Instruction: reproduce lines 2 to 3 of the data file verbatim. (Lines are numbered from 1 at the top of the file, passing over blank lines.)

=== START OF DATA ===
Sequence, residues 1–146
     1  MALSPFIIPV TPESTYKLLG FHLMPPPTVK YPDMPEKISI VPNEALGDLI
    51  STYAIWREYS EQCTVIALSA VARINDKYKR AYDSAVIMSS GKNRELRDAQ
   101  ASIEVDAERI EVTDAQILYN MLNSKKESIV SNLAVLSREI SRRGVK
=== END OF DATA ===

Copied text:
     1  MALSPFIIPV TPESTYKLLG FHLMPPPTVK YPDMPEKISI VPNEALGDLI
    51  STYAIWREYS EQCTVIALSA VARINDKYKR AYDSAVIMSS GKNRELRDAQ